The next Mercedes-Benz SL, which is due to be revealed next year, will hark back to the original model of the 1950s more than any generation that followed, according to Daimler’s chief design officer.
Speaking to Autocar, Gorden Wagener admitted that he’s “not a fan of retro designs”, so the new SL won’t wholly revive the two-seat, gullwing look of the formative car. However, he said that the SL is moving away from the GT-style roadster ethos of the past few decades, returning to its sporting roots. To this end, AMG is heavily involved in its development. “For me, the most beautiful SL is the original, the 300,” said Wagener. “And I think we’ve taken some of that DNA, starting with the proportions, the surface treatment, things like that. In that respect, the new SL is probably the closest to the first one ever.” Our best sighting yet of the new 992 Porsche 911 Cabriolet rival has been of a prototype with a cover half-removed at a research and development facility in Germany. This spy shot (right) shows that the car retains its classic long bonnet and cab-back profile but uses a fabric convertible roof instead of the current SL’s folding metal item. Its platform will be adapted by AMG for the next AMG GT but, when asked if there will be any crossover between the two, Wagener said: “The GT is more of a race car and the SL is more of a sports car. You will clearly see the differences.” Wagener also discussed the next S-Class, which will be shown towards the end of 2020. He described the model as a “milestone in design” and a “digital S-Class of the next decade” but admitted it will evolve Mercedes’ existing design language rather than lead it into a new era.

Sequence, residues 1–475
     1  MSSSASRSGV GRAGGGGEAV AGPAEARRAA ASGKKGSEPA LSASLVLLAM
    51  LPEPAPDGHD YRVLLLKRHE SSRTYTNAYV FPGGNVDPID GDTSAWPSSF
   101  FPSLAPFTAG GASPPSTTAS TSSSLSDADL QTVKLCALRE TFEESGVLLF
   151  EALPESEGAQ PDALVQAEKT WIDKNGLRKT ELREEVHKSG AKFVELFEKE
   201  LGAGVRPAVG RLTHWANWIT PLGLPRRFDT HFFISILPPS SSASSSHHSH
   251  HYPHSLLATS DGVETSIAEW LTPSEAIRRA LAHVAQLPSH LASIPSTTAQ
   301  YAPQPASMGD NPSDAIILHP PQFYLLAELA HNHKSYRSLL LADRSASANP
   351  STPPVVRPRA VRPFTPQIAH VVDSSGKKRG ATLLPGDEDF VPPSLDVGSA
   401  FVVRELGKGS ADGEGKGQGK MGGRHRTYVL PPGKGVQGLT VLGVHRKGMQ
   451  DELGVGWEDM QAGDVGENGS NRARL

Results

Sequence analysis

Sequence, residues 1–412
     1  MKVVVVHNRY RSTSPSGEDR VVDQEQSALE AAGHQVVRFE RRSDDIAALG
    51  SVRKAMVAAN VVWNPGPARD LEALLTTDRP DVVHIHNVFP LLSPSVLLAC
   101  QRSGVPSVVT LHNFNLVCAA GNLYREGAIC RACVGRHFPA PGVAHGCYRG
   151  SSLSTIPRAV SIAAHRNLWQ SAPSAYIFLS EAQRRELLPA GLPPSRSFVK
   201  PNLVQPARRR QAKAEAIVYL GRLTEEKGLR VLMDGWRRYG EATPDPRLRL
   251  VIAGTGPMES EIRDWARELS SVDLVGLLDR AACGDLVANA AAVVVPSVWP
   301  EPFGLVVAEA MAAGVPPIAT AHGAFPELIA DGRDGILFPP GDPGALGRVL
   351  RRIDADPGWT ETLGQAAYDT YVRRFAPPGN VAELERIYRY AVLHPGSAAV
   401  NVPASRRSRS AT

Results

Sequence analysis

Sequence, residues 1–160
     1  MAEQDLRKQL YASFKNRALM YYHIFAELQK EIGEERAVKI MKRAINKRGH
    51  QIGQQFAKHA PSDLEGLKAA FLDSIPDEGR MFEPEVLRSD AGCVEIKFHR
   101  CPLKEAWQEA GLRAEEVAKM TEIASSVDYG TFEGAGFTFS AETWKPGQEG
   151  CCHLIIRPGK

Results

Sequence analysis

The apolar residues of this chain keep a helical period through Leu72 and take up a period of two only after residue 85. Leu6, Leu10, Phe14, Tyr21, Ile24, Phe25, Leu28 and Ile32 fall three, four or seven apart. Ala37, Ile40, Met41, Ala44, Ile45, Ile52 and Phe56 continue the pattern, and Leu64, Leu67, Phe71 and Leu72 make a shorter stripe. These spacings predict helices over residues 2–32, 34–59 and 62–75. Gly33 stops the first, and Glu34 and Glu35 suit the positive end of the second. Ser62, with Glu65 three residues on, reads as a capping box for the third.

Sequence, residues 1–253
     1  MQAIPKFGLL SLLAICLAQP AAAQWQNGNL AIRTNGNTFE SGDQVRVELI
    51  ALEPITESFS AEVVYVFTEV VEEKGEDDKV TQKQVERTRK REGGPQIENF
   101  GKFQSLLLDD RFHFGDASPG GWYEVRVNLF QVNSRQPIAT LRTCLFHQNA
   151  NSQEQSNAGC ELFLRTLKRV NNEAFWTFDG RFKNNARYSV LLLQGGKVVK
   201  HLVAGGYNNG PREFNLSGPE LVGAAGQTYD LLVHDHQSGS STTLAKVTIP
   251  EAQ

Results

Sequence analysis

He said: “Back in the old days, the S-Class invented a new kind of style every time for the rest of the brand. But that was back when we only had three models, and it’s impossible to do now. There are still a lot of people who love the S-Class how it is, so that’s probably the last car we would want to change [radically].” Wagener said the most “progressive aspect” will be the interior, where his team has put “even more emphasis on the digital side”. Spy shots show prototypes have a Teslastyle portrait touchscreen dominating the dashboard. The Mercedes-Maybach version will continue to serve the ultra-luxury segment, too, but Wagener said its focus is on “traditional luxury values: craftsmanship, materials and so on” rather than just tech. The Maybach won’t be the only different version of the S-Class: an all-electric EQS model is due in 2022 to sit at the top of Mercedes’ EQ range, above the EQE, an E-Class-equivalent saloon. The EQS will look “radically different from normal S-Classes”, according to Wagener, and will target “a lot of different customers”. “Our Vision concepts have always been 80-90% close to the production car,” he said. “So that will have completely different proportions. It’s a very innovative vehicle.”